A Real Estate Broker has undergone further training for additional real estate licensing. Real Estate Brokers are the homeowner’s direct link to the real estate market. While they do work as sales people, just like Agents, they spend an equal or greater amount of time searching for new homes to sell. Brokers are frequently in charge of supervising the purchasing process and often combine their real estate business with law, insurance, financing or some other related practice.


Frequently in the real estate business a Real Estate Agent or Broker will call himself a Realtor. An agent or broker is qualified to do this when they become members of the National Association of Realtors. The NAR is the worlds largest professional association. In order to be a member of the NAR, and there fore be a Realtor, agents and brokers must agree to follow the NAR’s strict Code of Ethics. This Code of Ethics protects buyers and sellers from unscrupulous business people. Making a point to work with a Realtor instead of an unaffiliated Real Estate Agent or Broker is one small guarantee that a buyer or seller will be treated well.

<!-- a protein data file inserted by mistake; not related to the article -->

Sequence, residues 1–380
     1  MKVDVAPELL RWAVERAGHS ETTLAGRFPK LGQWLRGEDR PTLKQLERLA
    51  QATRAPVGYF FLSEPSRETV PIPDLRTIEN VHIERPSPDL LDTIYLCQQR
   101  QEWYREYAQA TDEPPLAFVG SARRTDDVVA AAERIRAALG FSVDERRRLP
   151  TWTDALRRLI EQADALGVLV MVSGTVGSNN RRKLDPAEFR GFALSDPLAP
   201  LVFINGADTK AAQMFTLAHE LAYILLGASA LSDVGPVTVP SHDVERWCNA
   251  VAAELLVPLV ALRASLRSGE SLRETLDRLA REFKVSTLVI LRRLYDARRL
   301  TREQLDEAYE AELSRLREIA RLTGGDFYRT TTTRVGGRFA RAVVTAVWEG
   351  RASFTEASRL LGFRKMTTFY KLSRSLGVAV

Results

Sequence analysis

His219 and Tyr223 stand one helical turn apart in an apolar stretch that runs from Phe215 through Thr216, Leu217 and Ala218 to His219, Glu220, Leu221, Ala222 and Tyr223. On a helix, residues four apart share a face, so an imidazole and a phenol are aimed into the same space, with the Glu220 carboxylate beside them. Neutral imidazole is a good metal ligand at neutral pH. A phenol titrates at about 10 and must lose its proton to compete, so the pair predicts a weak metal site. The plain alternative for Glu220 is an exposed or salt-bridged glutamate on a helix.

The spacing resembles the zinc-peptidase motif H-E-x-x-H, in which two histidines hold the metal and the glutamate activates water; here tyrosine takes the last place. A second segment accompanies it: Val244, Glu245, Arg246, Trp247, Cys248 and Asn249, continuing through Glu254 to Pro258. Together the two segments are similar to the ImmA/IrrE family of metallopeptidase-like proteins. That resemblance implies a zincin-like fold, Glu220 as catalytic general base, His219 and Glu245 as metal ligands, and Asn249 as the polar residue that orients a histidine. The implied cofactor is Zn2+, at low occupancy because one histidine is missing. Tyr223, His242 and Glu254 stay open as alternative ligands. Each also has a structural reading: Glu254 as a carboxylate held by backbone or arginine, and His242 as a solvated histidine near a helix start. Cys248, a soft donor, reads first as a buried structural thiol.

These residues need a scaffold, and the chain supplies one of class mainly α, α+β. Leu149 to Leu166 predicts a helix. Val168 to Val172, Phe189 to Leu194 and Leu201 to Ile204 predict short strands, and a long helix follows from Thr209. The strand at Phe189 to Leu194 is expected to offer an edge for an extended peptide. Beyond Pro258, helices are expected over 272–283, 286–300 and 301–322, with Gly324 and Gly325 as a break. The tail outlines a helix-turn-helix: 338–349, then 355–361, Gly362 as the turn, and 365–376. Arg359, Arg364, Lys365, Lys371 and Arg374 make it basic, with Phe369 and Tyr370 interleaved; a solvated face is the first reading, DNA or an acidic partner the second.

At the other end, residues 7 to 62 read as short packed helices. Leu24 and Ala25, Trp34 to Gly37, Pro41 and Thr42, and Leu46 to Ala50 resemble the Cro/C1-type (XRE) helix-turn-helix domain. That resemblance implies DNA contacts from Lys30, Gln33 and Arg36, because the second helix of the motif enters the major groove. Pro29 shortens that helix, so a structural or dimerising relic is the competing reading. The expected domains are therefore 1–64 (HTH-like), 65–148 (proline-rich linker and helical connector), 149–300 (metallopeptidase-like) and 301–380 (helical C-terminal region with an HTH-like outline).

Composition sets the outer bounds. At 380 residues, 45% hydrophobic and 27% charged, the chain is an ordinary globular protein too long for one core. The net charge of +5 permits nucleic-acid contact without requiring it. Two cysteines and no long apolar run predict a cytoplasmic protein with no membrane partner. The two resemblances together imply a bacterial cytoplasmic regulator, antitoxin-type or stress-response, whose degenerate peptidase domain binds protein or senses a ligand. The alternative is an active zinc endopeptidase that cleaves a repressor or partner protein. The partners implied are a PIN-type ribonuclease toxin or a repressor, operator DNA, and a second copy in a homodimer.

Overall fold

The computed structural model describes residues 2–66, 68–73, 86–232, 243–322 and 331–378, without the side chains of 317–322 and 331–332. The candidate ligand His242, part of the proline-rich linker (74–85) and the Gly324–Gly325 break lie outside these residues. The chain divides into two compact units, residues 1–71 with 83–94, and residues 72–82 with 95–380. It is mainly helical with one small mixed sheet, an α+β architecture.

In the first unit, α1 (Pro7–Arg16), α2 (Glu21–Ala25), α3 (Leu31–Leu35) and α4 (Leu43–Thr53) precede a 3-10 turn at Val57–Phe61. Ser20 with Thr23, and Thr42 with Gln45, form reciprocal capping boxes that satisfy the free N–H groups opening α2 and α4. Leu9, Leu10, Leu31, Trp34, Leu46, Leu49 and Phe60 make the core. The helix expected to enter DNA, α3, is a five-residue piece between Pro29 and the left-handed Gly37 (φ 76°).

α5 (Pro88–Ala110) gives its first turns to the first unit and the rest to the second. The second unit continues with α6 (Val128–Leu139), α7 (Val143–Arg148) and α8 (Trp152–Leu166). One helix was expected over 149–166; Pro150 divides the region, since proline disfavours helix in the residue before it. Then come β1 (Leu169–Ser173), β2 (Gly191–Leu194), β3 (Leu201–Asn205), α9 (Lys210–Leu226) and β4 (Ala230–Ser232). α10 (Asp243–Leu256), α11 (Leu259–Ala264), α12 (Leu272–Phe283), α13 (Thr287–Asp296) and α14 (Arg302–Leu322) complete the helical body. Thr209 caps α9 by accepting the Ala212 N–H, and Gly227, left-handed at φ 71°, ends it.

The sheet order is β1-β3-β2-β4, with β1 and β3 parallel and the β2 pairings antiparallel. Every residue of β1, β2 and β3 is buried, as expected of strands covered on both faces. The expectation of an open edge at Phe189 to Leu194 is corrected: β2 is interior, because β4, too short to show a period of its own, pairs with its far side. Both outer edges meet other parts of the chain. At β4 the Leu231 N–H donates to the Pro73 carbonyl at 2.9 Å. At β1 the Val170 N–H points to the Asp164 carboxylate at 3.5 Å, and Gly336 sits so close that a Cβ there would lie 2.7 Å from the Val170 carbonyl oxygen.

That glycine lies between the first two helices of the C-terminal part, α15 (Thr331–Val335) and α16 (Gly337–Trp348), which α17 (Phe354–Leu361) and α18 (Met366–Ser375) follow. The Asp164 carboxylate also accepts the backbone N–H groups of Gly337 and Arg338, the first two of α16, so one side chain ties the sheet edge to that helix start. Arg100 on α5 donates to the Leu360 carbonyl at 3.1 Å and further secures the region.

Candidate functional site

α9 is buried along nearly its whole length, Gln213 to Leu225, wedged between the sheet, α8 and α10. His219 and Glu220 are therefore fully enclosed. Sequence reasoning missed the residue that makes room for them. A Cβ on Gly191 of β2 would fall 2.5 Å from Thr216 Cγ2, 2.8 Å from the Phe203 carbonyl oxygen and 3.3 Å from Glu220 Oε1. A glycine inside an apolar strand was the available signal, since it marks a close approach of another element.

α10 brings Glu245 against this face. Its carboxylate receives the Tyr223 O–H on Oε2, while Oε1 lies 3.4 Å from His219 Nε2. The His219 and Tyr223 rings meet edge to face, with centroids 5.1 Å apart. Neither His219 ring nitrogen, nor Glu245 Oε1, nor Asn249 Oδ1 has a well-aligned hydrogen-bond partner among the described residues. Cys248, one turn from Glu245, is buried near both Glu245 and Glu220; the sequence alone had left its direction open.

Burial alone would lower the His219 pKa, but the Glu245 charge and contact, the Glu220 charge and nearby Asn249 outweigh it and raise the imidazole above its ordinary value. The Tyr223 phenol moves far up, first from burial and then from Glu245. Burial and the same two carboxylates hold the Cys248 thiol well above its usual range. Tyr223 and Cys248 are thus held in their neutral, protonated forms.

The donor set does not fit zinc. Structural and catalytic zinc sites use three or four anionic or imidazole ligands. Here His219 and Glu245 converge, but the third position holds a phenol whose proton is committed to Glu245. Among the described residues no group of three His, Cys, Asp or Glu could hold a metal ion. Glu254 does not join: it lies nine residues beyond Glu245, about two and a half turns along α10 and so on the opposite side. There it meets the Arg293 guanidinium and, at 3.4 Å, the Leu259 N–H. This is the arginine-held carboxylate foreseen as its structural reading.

MLS or Multiple Listing Service

The MLS is a service that real estate brokers and agents have access to. It is a complete listing of all of the real estate available for sale in the area. Because maintaining this system isn’t free, there is a cost to subscribe. By working with an agent, buyers automatically has access to the MLS in addition to the expert advice of a real estate professional. With the technological advances of the past twenty years, accessing the MLS for cross country buyers is as simple as helping someone within the community. This streamlines the home buying process for dozens of buyers every day